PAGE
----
By Patrick Corby
International lenders agreed on a €10bn ($13Bn) loan to Cyprus on Saturday morning, €5.8Bn of which is negotiated as being seized from Cypriot bank deposits, an unprecedented arrangement in any of the four such Eurozone loans.
The deposit seizure by the Cypriot government has already been initiated on the orders of Michalis Sarris, the Cypriot Finance Minister, with no cash withdrawals being enabled until Tuesday 19th March when the government will impose the immediate tax.
Mr Sarris has stated: “I am not happy with this outcome in the sense that I wish I was not the minister that had to do this”.
The collection of bank deposits will come as a 6.75% tax on banks accounts with deposits under €100,000 and a tax of 9.9% over this level.
The settlement deal, which started at 5pm on 15th March, was negotiated over ten hours in Brussels with European international lenders and reported to the public by Dutch Finance Minister Jeroen Dijsselbloem on Saturday.
On hearing the news masses of Cypriots rushed to their savings. “I tried to transfer cash online as soon as I heard the news, but the account had already been blocked,” said Christos Pappas, a financial services worker in Cyprus.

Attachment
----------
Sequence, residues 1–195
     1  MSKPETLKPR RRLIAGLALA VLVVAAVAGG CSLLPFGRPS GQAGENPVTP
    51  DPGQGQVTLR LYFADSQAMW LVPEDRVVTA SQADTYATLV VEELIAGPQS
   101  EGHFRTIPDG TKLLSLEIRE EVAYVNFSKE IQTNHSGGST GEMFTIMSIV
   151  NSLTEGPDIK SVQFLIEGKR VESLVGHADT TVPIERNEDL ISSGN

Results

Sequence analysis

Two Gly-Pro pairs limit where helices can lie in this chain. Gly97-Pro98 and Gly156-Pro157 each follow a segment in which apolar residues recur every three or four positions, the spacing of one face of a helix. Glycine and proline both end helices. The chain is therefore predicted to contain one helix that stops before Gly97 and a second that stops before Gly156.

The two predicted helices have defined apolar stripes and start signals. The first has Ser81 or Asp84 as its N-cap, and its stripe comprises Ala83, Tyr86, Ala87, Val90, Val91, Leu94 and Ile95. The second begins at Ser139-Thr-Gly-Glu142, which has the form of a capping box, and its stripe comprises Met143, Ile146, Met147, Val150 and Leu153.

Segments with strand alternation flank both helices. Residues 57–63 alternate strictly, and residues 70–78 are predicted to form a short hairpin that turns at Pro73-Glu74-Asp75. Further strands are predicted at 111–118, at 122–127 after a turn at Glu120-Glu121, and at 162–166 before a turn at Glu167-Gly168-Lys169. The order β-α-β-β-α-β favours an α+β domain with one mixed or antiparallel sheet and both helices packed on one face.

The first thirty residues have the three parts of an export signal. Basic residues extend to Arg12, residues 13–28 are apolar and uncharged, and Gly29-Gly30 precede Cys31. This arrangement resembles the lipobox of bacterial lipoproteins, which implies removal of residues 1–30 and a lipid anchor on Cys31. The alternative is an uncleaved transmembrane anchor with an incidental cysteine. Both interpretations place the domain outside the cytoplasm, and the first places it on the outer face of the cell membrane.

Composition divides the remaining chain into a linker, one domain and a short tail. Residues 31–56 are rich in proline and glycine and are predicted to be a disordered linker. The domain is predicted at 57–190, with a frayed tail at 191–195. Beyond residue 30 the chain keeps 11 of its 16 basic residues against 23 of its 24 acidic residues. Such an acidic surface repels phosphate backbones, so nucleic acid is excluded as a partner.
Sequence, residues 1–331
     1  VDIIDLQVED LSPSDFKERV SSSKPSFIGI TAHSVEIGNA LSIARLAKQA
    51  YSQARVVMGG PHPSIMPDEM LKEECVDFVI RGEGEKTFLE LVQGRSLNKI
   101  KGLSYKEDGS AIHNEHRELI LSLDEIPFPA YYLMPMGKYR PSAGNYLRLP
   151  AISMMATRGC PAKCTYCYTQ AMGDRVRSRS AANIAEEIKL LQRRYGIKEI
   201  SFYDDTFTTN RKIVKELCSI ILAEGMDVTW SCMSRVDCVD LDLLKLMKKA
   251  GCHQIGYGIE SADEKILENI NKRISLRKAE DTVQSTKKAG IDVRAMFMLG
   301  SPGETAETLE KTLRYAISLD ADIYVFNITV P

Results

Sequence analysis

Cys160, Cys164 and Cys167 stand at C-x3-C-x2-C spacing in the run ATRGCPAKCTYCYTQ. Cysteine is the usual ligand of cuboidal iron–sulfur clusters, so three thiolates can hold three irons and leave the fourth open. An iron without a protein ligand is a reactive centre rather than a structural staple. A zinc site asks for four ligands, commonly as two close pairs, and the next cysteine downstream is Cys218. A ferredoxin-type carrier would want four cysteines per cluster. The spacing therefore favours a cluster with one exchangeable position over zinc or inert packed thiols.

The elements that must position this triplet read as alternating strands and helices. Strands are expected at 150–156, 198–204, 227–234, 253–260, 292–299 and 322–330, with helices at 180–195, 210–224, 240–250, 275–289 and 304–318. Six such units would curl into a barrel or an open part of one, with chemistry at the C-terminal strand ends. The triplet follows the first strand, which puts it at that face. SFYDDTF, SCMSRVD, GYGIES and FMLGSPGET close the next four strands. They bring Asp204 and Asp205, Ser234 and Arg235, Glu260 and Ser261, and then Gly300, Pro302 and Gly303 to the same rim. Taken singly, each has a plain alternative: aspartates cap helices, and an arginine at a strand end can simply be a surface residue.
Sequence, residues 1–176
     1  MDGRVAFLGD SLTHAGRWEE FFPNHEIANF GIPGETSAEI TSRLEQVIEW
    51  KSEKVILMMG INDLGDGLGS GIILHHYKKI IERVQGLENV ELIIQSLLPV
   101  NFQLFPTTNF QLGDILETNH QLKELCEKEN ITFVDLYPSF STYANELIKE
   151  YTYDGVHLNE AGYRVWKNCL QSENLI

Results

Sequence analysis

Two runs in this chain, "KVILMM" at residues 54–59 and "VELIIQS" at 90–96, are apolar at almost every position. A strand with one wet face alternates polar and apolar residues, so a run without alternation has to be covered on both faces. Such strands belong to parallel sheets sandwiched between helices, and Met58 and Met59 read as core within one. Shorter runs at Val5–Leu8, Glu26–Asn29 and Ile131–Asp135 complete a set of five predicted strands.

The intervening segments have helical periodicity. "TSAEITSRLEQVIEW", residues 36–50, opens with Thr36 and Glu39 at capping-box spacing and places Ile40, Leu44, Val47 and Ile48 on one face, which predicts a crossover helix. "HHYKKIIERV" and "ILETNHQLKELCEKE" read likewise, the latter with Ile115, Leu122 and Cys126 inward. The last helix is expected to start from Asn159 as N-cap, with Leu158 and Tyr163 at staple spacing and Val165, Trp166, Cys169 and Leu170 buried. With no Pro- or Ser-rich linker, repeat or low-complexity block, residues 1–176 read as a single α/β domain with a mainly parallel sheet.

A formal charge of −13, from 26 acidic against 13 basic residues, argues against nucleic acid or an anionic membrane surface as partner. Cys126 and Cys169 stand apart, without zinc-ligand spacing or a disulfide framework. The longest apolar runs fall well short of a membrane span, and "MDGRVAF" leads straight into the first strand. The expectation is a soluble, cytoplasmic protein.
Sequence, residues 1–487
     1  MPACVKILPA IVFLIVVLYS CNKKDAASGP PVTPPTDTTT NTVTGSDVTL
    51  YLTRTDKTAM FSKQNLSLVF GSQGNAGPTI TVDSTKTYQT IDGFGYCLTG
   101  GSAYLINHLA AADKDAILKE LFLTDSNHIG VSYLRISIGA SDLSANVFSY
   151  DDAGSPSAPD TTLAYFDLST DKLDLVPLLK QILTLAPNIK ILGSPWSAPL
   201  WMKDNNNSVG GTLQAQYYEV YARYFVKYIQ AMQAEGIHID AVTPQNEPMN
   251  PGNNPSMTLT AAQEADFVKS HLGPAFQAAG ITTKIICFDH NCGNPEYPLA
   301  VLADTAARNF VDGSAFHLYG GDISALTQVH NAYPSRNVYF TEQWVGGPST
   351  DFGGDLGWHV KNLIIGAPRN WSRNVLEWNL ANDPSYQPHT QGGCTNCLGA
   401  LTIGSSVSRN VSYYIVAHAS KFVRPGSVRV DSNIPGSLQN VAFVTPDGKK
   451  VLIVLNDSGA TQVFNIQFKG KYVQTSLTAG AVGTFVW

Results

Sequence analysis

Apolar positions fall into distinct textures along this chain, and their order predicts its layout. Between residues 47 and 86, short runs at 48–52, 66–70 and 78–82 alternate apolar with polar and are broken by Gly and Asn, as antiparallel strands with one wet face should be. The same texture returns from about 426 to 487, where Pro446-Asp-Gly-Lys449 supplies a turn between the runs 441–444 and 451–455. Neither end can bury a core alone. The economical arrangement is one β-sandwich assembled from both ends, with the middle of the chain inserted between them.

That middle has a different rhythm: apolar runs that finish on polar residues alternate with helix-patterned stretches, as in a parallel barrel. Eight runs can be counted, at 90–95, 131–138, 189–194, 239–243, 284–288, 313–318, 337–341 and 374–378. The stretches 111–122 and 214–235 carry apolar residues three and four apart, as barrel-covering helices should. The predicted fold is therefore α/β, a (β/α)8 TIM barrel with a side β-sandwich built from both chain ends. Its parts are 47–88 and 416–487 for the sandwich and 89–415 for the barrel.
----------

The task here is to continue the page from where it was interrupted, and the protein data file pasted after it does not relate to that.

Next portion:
After fearful account-holders had emptied ATM machines, crowds gathered outside closed Cyprus co-operative banks, normally open on Saturdays, said Erotokritos Chlorakiotis, general manager of the Cooperative Central Bank.
Apart from Cypriots being stripped of their savings, international depositors such as British, Russian (which hold $40 billion in Cypriot accounts originated from Russia) and Greek account holders are also hesitant to keep their holdings in a system where public money is being directly seized.
Cyprus’s economy contributes 0.5% to the overall Global Domestic Product (GDP) of Europe, which is the main cause of the untraditional deal. The decision allows for a direct tax on the Cypriot public instead of an indirect tax, through monetary printing, spread across the whole of Europe and concentrated in Germany.
Negotiations included that Cyprus enacted 4.5% annual budget cut relative to its GDP that would take Cypriot’s overall debt level to a smaller 100% of GDP by 2020.
This case highlights the problem with government spending: that sooner or later debt must be paid. So far, countries have been paying present debt with future income and moving liabilities around. As these options run out, government debts will have to be paid in a more traditional manner, through taxing its citizens.
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